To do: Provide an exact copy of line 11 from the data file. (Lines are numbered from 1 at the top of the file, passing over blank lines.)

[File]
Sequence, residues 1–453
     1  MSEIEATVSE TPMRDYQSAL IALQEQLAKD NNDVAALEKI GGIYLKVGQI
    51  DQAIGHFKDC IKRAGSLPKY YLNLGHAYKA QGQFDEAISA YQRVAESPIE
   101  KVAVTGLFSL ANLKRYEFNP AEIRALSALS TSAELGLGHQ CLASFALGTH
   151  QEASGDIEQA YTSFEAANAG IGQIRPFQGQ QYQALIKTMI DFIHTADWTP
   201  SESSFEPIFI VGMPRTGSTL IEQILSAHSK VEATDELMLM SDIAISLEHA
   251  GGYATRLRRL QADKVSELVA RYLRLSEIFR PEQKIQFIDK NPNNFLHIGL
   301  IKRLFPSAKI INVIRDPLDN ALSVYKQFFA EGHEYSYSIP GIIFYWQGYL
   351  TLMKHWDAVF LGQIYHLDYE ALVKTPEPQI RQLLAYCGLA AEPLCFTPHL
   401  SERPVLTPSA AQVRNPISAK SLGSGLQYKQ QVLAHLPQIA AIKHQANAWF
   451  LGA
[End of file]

   451  LGA